Interview: JJ Wilde Reveals Her Raw & Vulnerable Side in “Funeral for a Lover”

JJ Wilde © Jonathan Weiner
Canadian singer/songwriter JJ Wilde dives into the depression and pain in her achingly raw, vulnerable, and personal new song “Funeral for a Lover,” a hauntingly honest and emotional depiction of depression’s impact.




This song was a way of me letting go of the guilt of not being able to make someone see the beauty in the world and life the way I do… understanding that sometimes, stepping back is a way of helping as well.

There’s tremendous pain in JJ Wilde’s voice on her latest song. Released in mid-January, “Funeral for a Lover” is an aching, raw piano ballad centered around depression and our relationships with loved ones experiencing depression. “It was a way of me dealing with what was going on in my life at the time, and reconnecting with myself,” Wilde relates. “It is incredibly difficult to watch someone you love struggle, in any aspect of their life. It is even harder when you try to help, but nothing seems to work.” A hauntingly honest and emotional depiction of depression’s impact, “Funeral for a Lover” is triggering in such a way that it one can’t help but have that real conversation, whether internally or with others, about how we support the people we care about the most.

Funeral for a Lover - JJ Wilde

Funeral for a Lover – JJ Wilde

My lover’s got a funeral,
but he won’t tell me when

Never wanted to see 25,
now he’s blowing out
the candles on the cake

Thought that I could
be a reason to wake up

To stay up to make up
Thought that my love
might’ve changed your mind

For many a listener, “Funeral for a Lover” is the first time they’re seeing past the raucous, intense veneer of Wilde’s alternative rock sound; the 28-year-old singer/songwriter from Kitchener, Ontario introduced herself to the world with last year’s Wilde Eyes, Steady Hands EP, a fierce four-track record that hits hard and leaves a lasting mark.

“Between its message of perseverance and Wilde’s incredibly passionate performance, “State of Mind” is easy to fall for,” Atwood Magazine wrote of Wilde’s second single last May. “Its highs are energizing; its lows are reassuring; and throughout, we are gifted with the incredible talents of JJ Wilde, whose electric presence transfers over to dynamic vocals and powerfully expressive guitar work.”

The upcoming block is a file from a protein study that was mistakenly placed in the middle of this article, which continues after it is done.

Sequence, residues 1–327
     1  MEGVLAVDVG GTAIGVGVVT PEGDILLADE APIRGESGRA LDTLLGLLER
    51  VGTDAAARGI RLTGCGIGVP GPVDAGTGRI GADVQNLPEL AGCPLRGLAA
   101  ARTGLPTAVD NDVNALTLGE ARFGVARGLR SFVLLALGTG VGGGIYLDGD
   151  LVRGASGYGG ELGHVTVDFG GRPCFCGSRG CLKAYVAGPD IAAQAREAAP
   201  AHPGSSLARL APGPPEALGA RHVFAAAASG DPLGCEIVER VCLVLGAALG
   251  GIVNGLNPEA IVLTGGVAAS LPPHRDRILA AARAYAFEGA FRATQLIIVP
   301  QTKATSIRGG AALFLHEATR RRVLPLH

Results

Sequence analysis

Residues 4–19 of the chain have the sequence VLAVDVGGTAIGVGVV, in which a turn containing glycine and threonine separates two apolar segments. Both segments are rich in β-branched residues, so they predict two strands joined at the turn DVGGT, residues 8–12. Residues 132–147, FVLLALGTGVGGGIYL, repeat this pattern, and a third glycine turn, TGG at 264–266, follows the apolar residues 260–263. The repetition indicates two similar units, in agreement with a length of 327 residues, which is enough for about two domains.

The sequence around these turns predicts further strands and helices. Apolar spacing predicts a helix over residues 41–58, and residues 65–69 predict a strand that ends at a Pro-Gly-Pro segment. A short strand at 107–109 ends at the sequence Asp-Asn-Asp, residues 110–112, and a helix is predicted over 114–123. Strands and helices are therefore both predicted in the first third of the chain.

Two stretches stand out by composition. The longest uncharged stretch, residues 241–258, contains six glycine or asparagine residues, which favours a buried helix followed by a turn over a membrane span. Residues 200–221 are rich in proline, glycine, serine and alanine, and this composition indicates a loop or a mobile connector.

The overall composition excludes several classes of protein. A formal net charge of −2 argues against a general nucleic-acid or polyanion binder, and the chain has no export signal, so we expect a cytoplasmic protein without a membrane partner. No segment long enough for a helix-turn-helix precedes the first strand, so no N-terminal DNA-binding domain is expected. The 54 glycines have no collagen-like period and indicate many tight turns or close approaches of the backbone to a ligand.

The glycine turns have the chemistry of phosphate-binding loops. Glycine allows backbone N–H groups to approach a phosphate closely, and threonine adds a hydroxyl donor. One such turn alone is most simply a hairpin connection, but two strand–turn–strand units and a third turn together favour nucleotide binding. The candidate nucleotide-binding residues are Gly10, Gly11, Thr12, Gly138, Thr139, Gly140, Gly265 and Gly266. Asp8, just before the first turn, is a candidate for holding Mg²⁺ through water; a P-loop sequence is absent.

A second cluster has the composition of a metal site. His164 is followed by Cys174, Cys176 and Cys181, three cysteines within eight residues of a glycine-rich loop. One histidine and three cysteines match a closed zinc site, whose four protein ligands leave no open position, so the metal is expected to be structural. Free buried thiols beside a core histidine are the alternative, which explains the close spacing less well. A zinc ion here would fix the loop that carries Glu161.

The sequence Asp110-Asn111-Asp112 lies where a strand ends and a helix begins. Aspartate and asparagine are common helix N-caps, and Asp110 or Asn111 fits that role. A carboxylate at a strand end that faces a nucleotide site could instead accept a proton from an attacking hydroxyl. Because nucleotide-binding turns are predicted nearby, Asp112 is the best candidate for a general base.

This time around, JJ Wilde’s high is an emotional one. She sings her heart out in the chorus – strained, stressed, and recognizing her need to accept an inability to fix a situation or heal her friend:

Well you know that it breaks my heart
Now I’m up on the phone
I’m not with you to check you’re still breathing
And it hurts, yea it hurts my heart
It has nothing to do with me
Can’t make you wanna keep breathing
JJ Wilde

JJ Wilde



Anyone who’s been there, or tried to be there, for someone with depression knows how difficult it really is.

There are no rewards for doing a “good job”; being there for someone else in that capacity means throwing away all expectations and just being there: Giving of yourself, in whatever means necessary. “Funeral for a Lover” captures this mix of emotions: The desire to help, and the inability to feel like your “help” is doing anything.

Speaking to American Songwriter upon the track’s release, Wilde described writing “Funeral for a Lover” as a therapy session. “I wrote it as a way of dealing with a relationship that I had with somebody who struggled very severely with mental health issues. It’s as straightforward as it sounds in the lyrics. It’s all coming from the heart, it’s me trying to make sense of it with myself while also trying to move forward.”

“Funeral for a Lover” brings this difficult topic to life not in a glamorous way, but in a way that feels appropriately dramatic and emotional; a way that feels real.

Listen to this song, and then really listen to it again; it’s only 3 1/2 minutes long, and its message is worth your time. JJ Wilde can’t control how everyone else feels or what people do, but she can try to start an important conversation – and she’s done so with “Funeral for a Lover.”

Listen to Wilde’s new song and learn more about in Atwood Magazine‘s interview below.

“Funeral for a Lover” – JJ Wilde



A CONVERSATION WITH JJ WILDE

Atwood Magazine: Hey JJ, to start off, what makes this song tick for you? What is it special, in other words?